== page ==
Record Low Vacancy On Strong Fundamentals

The Los Angeles Basin industrial market is the largest market in the United States, totaling over 1.56 billion SF. It also has some of the highest asking rental rates and as well as one of the lowest vacancy rates of any market in the US. Major industrial drivers for the region continue to be imports at the twin ports of Los Angeles / Long Beach, which handle roughly 40% of all imports into the country. In addition, the region is the largest manufacturing center in the United States, with more manufacturing jobs than the entire state of Illinois. In first quarter 2017, the Downtown Los Angeles office market recorded negative absorption for the second straight quarter. The delivery of 2 vacant office buildings contributed to the uptick in vacancy. Leasing volume recorded 641,300 SF. Asking rents continued to climb, recording growth of 0.2% year-over-year. While positive, growth was flatter than the previous 3 quarters, which saw growth rates of 1.5%, 1.9% and 1.4% respectively.

Traditional tenants in the finance, insurance and real estate (FIRE) industries continue to dominate the tenant base in the market, although these sectors have seen a fair amount of rightsizing. This, combined with a wave of deliveries in the next year, will put pressure on the market as more space becomes vacant.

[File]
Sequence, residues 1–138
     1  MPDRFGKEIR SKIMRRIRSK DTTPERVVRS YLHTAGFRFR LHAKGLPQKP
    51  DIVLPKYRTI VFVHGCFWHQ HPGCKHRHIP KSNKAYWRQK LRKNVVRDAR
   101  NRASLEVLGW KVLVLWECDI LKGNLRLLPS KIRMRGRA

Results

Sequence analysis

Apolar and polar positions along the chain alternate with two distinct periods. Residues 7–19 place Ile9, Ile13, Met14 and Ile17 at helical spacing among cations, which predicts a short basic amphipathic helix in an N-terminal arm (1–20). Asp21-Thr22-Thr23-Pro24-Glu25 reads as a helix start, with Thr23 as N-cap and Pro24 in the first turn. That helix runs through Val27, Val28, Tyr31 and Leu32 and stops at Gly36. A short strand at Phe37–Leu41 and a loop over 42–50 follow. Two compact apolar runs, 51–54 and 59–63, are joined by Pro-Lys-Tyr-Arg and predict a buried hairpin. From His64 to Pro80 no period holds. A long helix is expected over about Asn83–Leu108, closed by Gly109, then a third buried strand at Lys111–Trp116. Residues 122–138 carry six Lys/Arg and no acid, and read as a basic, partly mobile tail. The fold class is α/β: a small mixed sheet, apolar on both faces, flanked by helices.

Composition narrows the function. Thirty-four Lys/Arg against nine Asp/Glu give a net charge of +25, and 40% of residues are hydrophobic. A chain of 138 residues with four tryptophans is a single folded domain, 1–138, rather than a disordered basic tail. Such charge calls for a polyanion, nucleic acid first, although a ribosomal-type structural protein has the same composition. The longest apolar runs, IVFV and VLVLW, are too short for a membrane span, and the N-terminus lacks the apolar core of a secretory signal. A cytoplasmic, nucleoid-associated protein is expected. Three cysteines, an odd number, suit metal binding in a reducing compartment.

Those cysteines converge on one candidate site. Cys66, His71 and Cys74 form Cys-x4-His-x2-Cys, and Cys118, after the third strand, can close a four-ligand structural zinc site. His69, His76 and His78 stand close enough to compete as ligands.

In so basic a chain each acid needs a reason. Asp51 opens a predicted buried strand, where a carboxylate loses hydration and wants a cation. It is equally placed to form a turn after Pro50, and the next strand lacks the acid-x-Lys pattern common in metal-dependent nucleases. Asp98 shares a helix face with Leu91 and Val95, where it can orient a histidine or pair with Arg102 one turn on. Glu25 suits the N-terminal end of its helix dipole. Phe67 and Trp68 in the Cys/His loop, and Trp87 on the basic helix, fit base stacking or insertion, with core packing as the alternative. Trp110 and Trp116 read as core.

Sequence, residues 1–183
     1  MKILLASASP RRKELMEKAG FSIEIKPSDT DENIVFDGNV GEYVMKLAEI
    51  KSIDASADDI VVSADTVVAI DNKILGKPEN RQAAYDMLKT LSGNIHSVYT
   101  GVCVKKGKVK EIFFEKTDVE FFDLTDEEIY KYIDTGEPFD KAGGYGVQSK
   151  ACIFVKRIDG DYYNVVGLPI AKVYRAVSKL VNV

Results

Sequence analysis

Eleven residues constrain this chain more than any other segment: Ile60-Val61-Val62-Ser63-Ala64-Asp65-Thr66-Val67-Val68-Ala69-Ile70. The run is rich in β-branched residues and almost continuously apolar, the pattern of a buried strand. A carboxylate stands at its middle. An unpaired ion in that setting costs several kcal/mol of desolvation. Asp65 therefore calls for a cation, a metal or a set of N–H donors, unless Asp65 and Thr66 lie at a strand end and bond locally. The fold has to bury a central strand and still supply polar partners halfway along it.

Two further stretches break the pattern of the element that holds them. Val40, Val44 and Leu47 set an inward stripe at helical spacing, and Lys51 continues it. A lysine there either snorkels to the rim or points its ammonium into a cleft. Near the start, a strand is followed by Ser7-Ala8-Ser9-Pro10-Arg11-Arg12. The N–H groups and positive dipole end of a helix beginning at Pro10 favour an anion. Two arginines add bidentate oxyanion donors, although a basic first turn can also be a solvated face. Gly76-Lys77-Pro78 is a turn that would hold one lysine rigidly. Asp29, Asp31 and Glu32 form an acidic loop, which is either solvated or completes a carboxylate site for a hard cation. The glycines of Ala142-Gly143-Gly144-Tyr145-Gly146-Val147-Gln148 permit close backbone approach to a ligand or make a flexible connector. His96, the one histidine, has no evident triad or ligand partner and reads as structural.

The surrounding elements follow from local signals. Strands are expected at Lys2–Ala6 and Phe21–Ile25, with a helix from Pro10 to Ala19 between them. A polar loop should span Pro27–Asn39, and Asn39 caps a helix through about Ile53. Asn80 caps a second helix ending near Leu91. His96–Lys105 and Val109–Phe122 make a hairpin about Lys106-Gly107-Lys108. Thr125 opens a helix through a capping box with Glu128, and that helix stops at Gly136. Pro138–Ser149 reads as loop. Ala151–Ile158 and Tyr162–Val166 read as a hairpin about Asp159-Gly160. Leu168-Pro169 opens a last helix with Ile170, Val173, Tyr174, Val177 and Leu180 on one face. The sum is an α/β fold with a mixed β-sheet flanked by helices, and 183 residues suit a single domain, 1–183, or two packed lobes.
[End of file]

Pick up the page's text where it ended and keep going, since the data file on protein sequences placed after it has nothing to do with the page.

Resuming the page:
Key Takeaways:

  • The Greater Los Angeles Basin industrial market absorbed 6,883,600 SF of industrial space this quarter, bringing the yearly total for 2016 to 26,056,500 SF of positive net absorption.

  • This strong industrial demand has led the overall vacancy rate to fall 20 basis points to 2.2%. This is the lowest the vacancy rate has ever been for the Greater Los Angeles Basin industrial market.

  • This quarter there was 3,947,400 SF of industrial space that finished completion, the majority of which was leased before completion. For 2016, there was a total of 25,239,500 SF of space added to the market, which is less than the 27,932,400 SF added in 2015. Despite the current construction boom taking place, actual construction completions are only on par with those of previous years.


The Central Los Angeles market remains at a post recession peak with low vacancy rates and rising industrial rents, despite the condition of much of the functionally obsolete and older buildings. The South Bay market remains the premier market for distribution companies and sea and air cargo centered industrial users. We are likely to see investments remain active in the San Fernando Valley as a lack of available product in nearby markets is driving up sales prices throughout the Los Angeles Basin.